When we are in hurry and try to get things done quickly, we realize that there is hardly any joy in what we do. It becomes only a means to an end while neglecting its process. However, when we make an effort to slow down, we begin to notice that the world slows down, too. This puts us in a different mindset and lets us enjoy what we presently do. Here are my five simple tips for slowing down and rediscovering joy in what we do.

First, sense the pleasant feeling of deep breathing

It is a well-known fact that coming back to our breathing can instantly de-stress us and slow things down. This is because deep breathing leaves a pleasant and relaxing sensation in our body as air passes through the throat, chest and belly. This nice, nourishing sensation comes naturally, and no great effort is needed to produce it. Simply breathe deeply and enjoy the pleasant sensation simultaneously arising in your body. As we practice this more often, we become calmer, happier and not so easily distracted by the fast pace of life.

Second, leave home ten minutes earlier

If we leave our home ten minutes earlier than usual to get to work, we can take time to enjoy the sunlight on our skin, the smell of fresh air, and the aliveness of our relaxed bodies. We can more easily touch the wonders of life in and around us and even smile at people we meet along the way. Even when your schedule is packed with many meetings, still arrive at your appointment ten minutes early. You will discover micro-moments of freedom and leisure.

haemin sunim quote

Third, really see what is in front of you

When we get lost in our thoughts, we often end up worrying about our future or regretting what happened in the past. Excessive thoughts disconnect us from the present moment and can cause mental suffering. To wake up from the habit of constant thinking, I would recommend that we focus our attention to what is in front of us and really see each object. If a person is in front of you, really see his or her face with great interest. If an object is present, then really see it, too. As we pay more attention, each object becomes quite fascinating.

Fourth, close your eyes and savour food 

According to scientists, among the five senses, human beings get disproportionately large amounts of information through our eyes. Whether we intend it or not, when our eyes are open, visual information dominates our brain. This makes it difficult to notice the information coming through different senses. One easy antidote to this phenomenon is simply closing your eyes and paying attention to one sense. In particular, I would recommend closing your eyes while having food in your mouth. With your eyes closed, it becomes easier to savour food slowly and enjoy its full taste.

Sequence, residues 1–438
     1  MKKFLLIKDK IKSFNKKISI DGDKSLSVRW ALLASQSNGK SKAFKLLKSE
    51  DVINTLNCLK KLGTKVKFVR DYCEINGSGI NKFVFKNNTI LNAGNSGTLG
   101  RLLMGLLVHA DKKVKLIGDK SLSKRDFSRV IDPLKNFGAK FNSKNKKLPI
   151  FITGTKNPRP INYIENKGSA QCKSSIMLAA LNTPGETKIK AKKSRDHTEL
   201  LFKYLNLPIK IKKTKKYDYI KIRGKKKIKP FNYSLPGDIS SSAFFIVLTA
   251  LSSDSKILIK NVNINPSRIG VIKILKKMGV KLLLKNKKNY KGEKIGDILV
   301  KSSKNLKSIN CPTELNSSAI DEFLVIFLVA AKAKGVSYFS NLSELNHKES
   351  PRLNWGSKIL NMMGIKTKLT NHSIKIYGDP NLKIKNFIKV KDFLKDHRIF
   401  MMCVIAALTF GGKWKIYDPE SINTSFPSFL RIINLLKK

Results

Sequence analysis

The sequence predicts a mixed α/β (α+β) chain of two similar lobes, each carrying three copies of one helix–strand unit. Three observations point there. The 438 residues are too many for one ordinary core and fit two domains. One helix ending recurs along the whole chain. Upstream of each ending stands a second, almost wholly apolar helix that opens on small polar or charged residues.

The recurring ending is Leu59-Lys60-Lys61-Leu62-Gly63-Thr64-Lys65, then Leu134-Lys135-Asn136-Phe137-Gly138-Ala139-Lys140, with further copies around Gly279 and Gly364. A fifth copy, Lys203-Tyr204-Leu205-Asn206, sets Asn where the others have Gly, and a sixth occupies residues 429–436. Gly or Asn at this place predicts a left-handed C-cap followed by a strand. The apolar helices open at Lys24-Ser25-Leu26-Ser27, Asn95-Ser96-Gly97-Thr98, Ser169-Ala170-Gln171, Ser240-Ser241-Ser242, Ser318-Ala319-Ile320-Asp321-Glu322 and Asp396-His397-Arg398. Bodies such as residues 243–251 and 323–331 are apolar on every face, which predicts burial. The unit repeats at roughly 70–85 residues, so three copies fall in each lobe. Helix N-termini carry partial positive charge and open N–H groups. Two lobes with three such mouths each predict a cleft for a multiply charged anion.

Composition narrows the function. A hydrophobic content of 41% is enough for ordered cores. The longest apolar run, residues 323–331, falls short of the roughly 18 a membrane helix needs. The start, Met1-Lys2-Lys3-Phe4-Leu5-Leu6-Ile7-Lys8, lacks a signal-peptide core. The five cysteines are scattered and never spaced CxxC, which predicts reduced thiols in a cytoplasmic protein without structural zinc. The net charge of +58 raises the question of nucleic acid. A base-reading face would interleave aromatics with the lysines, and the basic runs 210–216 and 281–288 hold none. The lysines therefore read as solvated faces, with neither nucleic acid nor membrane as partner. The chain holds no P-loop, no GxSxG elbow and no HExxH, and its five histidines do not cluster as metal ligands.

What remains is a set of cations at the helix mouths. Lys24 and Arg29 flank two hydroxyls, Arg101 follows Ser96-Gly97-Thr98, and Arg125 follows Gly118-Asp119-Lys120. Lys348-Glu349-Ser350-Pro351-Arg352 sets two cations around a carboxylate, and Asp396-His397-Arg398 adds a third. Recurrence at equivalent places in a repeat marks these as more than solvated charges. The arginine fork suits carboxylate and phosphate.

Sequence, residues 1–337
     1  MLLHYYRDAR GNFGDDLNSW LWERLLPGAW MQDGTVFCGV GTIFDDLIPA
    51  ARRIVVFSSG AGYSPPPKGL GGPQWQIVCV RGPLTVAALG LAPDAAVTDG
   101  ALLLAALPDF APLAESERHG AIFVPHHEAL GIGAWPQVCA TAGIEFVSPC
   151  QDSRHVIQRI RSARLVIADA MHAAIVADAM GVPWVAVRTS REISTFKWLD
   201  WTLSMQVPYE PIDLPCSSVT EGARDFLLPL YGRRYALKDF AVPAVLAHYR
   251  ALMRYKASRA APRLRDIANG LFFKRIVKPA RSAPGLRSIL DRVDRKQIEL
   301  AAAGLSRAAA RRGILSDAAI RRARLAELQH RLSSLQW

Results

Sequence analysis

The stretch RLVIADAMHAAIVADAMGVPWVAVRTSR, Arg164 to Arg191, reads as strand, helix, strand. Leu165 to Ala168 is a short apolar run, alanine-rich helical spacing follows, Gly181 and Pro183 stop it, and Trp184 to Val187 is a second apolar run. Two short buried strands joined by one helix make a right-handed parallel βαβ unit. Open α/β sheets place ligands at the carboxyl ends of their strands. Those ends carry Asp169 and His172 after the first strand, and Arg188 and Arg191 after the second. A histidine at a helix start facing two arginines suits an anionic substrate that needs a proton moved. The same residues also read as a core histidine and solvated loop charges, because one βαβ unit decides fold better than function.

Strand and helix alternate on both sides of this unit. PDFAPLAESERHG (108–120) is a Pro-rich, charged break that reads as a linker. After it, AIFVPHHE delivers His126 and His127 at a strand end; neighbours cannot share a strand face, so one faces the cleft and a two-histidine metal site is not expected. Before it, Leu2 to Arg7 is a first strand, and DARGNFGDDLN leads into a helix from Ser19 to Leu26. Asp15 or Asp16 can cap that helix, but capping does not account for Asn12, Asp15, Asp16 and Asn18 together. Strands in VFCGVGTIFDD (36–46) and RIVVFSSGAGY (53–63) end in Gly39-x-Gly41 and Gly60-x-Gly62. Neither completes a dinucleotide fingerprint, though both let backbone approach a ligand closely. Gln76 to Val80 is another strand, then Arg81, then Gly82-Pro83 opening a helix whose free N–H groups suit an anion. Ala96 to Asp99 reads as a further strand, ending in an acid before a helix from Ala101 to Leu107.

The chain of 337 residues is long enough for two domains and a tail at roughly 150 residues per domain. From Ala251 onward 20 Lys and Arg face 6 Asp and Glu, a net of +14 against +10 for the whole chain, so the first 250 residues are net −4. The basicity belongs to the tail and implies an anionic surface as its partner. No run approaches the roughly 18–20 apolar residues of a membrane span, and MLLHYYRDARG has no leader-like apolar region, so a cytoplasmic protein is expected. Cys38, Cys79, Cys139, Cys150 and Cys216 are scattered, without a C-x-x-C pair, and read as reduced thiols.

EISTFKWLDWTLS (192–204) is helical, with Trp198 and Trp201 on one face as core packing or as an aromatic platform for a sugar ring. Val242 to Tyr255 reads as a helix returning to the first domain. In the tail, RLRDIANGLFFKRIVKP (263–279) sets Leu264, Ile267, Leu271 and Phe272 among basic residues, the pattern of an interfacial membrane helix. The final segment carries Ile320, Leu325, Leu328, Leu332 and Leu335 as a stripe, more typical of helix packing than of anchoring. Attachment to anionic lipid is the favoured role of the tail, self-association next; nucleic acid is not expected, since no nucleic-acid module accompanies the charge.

Fifth, stop multi-tasking and just enjoy music

Living in big towns or cities can make us feel as if we are constantly bombarded with too much noise, and too many sights and odours, which makes us feel overwhelmed and stressed. Rather than feeling that we are the victims of our environment, why don’t we take control back by listening to the music of our choice? Music is a great source of relaxation and pleasure. Stop multi-tasking and enjoy the mono-task of listening to your favorite music.

  • The Things You Can See Only When You Slow Down


    'Is it the world that's busy, or my mind?'
    The world moves fast, but that doesn't mean we have to. In this timely guide to mindfulness, Haemin Sunim, a Buddhist monk born in Korea and educated in the United States, offers advice on everything from handling setbacks to dealing with rest and relationships, in a beautiful book combining his teachings with calming full-colour illustrations. Haemin Sunim's simple messages speak directly to the anxieties that have become part of modern life and remind us of the strength and joy that come from slowing down.

    Hugely popular in Korea, Haemin Sunim is a Zen meditation teacher whose teachings transcend religion, borders and ages. With insight and compassion drawn from a life full of change, the bestselling monk succeeds at encouraging all of us to notice that when you slow down, the world slows down with you.

  • Buy the book

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